Another huge upgrade was the new flybridge enclosure… the existing one was put on just before we bought the boat by the prior owner. It turned out to be the worst quality material and was the most janky looking piece of garbage. It was conveniently installed just days before we took ownership so there was no negotiating on any of that. The goal of a flybridge enclosure is to provide shade… it did that. It should also make it more comfortable to drive from the flybridge and it should keep the elements out. Big fail on that part, the first time it rained despite having a canvas top that technically did provide shade, it leaked like a sieve and we had to put on rain coats. Did I also mentioning its was a janky piece of junk that started falling apart after 6 month in the sun. UGH, so we had to get a new enclosure and despite the budget shattering price, we love the new enclosure and it doesn’t fail on any of the criteria now. We opted to go with white vinyl “staminode for the top and sides, which is more heat reflective than the black canvas top that was on it.
Happy Hour on the flybridge is a very happy time now!
Creature comforts are one thing but making sure all the systems are in good shape and operating properly is not only essential to using the boat but are also huge safety factors. With two 450 hp diesel engines, a 13 KW generator, a bow thruster, nine batteries with 3 separate chargers, a windlass system for anchoring and 4 air conditioners there have been plenty of things to maintenance and repair. A boat this size has miles of hoses that get old, brittle and and crack or break. Dozens of hose clamps that can rust out or break – it’s amazing how something as simple as a hose or hose clamp could potentially cause catastrophic damage on a boat. Shortly after we bought the boat we had a certified Cummins Engine Mechanic go through both engines and the generator. There are some thing’s that require writing a check and this one was worth every penny we paid. The four AC units also had a check up and got a clean bill of health from the AC Technician (that was a huge sigh of relief).
We’ve also been replacing old sink faucets, shower heads and checking all the places where water can and SHOULD drain out of the boat. There have been some interesting discoveries of places where water was COMING into the boat – OOPS. Plastic fittings get old and brittle, drains gets plugged – basically shit happens as a boat ages, hmm, kinda like me!
This is a grille on the exterior of the boat where rain water should have been draining out instead it was blocked with gross green plant debris and was backing up into the exterior pilothouse door well. So, we cleaned out all three drains and replace the old cracked grill. Great!!! Until the first time it rained hard… now the water from one of those drains was coming into the boat behind the electrical panel and onto the floor in the salon like a river – not good on so many levels. Turned out a fitting in the wall had broken and when we unplugged the drain it now had a place to go! ARRGH!!!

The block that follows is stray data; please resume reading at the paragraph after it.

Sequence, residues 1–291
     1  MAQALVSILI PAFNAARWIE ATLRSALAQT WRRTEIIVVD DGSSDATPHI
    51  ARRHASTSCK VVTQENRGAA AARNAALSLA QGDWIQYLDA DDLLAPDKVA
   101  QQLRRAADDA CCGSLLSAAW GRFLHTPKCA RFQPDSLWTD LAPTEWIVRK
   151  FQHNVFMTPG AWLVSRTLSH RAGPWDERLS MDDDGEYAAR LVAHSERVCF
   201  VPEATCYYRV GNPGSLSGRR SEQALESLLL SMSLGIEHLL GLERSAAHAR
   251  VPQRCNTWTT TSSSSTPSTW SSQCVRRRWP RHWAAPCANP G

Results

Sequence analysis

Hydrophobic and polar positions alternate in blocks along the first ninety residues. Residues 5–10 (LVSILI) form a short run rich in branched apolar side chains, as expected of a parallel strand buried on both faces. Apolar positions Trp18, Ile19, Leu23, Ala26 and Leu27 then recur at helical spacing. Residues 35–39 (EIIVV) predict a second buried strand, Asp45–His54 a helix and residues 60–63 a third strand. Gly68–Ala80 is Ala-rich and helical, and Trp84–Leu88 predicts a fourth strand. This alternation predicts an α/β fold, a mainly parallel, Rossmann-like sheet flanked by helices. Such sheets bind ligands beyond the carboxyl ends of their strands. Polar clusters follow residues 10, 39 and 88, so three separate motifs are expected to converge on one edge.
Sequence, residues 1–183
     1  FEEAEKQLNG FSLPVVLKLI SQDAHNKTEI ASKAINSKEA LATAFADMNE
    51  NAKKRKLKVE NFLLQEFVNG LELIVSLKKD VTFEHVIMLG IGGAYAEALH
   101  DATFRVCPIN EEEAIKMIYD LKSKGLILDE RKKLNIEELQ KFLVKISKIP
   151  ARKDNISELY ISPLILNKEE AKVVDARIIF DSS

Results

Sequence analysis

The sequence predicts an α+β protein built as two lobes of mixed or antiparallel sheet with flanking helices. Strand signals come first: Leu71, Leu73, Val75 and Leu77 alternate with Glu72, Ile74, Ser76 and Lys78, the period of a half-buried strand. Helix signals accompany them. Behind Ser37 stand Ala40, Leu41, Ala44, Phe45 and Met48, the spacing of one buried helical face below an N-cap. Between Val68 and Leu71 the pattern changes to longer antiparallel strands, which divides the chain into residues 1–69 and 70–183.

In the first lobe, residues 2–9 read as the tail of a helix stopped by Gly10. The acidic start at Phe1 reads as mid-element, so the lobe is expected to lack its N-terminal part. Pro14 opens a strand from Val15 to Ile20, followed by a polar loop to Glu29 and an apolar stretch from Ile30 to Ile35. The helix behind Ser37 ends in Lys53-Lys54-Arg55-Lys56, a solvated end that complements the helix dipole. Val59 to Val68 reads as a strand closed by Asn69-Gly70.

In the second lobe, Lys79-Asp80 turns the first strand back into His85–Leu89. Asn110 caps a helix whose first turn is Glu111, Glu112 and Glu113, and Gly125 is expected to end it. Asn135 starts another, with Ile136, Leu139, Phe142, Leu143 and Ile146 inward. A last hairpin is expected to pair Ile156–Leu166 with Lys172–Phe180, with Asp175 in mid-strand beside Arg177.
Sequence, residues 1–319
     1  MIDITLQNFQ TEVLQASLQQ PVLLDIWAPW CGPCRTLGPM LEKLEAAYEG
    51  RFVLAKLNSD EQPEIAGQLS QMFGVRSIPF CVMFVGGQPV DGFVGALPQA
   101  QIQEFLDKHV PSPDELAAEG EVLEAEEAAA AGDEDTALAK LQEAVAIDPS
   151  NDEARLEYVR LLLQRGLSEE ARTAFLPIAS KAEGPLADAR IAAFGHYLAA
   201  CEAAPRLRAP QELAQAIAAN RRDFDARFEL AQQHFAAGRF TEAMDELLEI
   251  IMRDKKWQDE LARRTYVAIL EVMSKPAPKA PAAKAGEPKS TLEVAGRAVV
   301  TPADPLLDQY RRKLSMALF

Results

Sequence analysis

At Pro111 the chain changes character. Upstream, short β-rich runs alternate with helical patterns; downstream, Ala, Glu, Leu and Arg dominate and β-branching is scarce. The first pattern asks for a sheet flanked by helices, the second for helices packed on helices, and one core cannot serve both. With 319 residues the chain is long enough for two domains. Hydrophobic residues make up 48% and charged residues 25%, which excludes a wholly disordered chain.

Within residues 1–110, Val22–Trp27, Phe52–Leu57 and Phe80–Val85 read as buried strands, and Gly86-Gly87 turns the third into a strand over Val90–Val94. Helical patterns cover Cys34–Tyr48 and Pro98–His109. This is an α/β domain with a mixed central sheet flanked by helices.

People always ask me how the pets like the boat… so far they have adjusted quite well to life on Escapade. There are lots of places for Sucia and Bentley to stretch out and nap or watch the world go by outside. The both also love the cockpit and having some sun time out there. Bentley’s other favorite place is the flybridge. There are interior steps from the pilot house to the flybridge so he can easily join us up there. Another great feature that sold us on this boat.
Granted we’ve only left the dock here in Hobe Sound once, LOL. It will be different for them when we start cruising again but it’s not their first rodeo on a boat. I guess I should tell them that we will be on the move again soon.
It’s hasn’t been all work and no play for the crew. We did take a one week trip around Christmas to see my cousins June and Matt in Kentucky. A couple of short trips to the west side of Florida to see friends and a fun weekend on a friends yacht in West Palm Beach. We also had our first guests onboard …yay for girlfriends!!! Locally there is so much to do in this area, farmers markets, art festivals, great water front restaurants, polo and beaches to walk on!
4 months have flown by as we’ve tackled all of these projects and we now have one month until we cast off the lines and cruise off into the sunset! We have a loose schedule and a long list of places we want to see and explore between Florida and the Chesapeake Bay.
It was an interesting year… 2022. So much has happened since I last posted over a year ago but for some reason, I have had a serious case of writers block and emotional fatigue. I started posts but could never seem to get the words right or finish anything.